So how quickly can you die from blood loss? Very quickly. Assuming the patient is an average male with normal haemoglobin concentration and a normal VO2 max (a measurement of the amount of oxygen the body is able to utilize in one minute) prior to being wounded, that the artery is severed, and that there is no compression on the severed artery, any major arterial bleed will result in death in 2-60 minutes. A life threatening reduction in blood pressure due to major haemorrhage will result in shock, which greatly reduces the body’s capacity to respond, and rapidly leads to unconsciousness. The average response time for paramedics in Australia is between 10-15min. In that amount of time, a person suffering from major arterial bleeding isn’t likely to survive, even if they are rushed to hospital via intensive care paramedics.

Here’s an example of a femoral artery bleed out:


The man is unconscious within 90 seconds, and in the absence of proper medical attention he will be dead shortly thereafter.

Here’s another one:


I can’t find the full length video anymore, but, in the full length video the victim is goes into shock in about 60 seconds, is conscious for around 2 minutes, falls unconscious within 3, and death follows shortly thereafter.

Tacmed’s basic trauma course arms shooters and hunters with the knowledge they need to save someone’s life, or their own life. Recognising when to use a tourniquet, how to use a tourniquet, and how to use a chest seal for penetrating thoracic injuries, is vital to tactical medicine. Students are taught how to burp a penetrating chest wound, in the event that tension pneumothorax occurs. Likewise, wound packing is a vital component to casualty care, and Tacmed covers the essentials of wound packing technique and execution. Most importantly, Tacmed gives students the opportunity to practice hands on applications of theoretical skills.


Mick from Tacmed teaching students how to correctly apply a tourniquet to a dummy.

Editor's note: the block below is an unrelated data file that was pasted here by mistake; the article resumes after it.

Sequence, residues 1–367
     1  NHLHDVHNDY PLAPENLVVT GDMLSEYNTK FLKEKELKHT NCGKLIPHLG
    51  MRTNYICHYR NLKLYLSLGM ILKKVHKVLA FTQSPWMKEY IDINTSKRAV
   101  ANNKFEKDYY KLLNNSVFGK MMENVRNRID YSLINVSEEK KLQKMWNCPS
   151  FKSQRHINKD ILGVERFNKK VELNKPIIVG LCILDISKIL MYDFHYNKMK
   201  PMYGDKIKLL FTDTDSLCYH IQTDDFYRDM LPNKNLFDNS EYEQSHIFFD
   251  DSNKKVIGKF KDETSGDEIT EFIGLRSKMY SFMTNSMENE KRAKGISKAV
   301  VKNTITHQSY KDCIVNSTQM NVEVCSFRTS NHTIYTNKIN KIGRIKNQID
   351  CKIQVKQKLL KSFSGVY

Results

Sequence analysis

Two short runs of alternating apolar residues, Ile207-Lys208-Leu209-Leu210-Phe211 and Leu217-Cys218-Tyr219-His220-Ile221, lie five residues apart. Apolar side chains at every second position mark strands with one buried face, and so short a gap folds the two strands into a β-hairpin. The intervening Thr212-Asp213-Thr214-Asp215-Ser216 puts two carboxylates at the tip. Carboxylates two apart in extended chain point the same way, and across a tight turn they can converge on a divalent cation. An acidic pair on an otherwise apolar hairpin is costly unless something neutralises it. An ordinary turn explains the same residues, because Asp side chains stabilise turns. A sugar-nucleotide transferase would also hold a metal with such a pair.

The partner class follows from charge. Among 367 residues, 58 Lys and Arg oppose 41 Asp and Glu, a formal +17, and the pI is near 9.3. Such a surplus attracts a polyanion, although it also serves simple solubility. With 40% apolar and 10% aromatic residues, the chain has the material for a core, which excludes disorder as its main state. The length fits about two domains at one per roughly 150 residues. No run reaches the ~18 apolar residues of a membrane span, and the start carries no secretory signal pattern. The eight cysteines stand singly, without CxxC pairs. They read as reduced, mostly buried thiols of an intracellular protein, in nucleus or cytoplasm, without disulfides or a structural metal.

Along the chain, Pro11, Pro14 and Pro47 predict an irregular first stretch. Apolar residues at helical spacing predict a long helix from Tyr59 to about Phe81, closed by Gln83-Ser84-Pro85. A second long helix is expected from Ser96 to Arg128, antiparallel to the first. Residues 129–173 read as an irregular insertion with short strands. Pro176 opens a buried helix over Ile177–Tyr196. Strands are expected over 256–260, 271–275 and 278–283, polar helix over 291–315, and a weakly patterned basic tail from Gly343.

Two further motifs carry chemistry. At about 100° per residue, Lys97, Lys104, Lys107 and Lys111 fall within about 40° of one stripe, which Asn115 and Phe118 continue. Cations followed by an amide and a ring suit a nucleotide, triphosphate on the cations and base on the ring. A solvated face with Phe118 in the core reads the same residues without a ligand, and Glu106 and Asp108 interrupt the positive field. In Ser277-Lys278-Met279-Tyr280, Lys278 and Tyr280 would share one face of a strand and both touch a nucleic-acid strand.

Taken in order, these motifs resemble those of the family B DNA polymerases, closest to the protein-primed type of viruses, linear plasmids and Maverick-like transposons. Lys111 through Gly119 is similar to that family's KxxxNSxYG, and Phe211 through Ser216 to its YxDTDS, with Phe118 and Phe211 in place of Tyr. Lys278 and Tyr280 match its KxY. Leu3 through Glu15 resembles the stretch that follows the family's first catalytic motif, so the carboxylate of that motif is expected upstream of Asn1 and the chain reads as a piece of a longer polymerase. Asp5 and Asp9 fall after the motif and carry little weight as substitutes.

Despite my reservations about calling things “tactical”, tactical medicine is in fact tactical. It is the capability to use a skillset and tools beyond the basic parameters of their function, in austere environments, extracting maximum performance under duress. It is one of the most critical and noble life skills I can think of.


Training in the proper use of chest seals.

And before you ask, no, a first aid kit won’t do the trick. No, a tampon is not suitable for packing a wound. A tampon can be used to stop small bleeds that occur in two places: the nose, and not the nose. It does not belong anywhere near a gunshot wound, or major trauma. The old standbys of gaffer tape, garbage bags, and a t-shirt, are less effective and don’t always work (try sticking gaffer tape to clammy, sweaty skin, and get it to hold properly, it won’t happen).


Learning how to pack wounds and stem the blood flow.

At the end of the day, it’s a life skill that empowers you, in ways others can only dream of. One of the worst feelings in the world is to be at the scene of a traumatic event and not know what to do. As shooters we pride ourselves on being citizens of a higher calibre, and it behooves us to be exactly that. Get trained guys, I can’t stress this enough. Your life, the life of a loved one, and the life of a total stranger in need, is worth more than the $89.95 a Tacmed Immediate Trauma Kit will cost you. While you’re at it, check out Tacmed’s IFAKs and other kits.


Man down! Simulating a multiple gunshot wound victim with arterial bleeding in both the arm and leg, and possible penetrating chest injury.

Mad kudos to Tacmed Australia for seeing a knowledge gap that needed to be filled. Get trained guys, and fix the missing link.

Stay sharp, stay safe.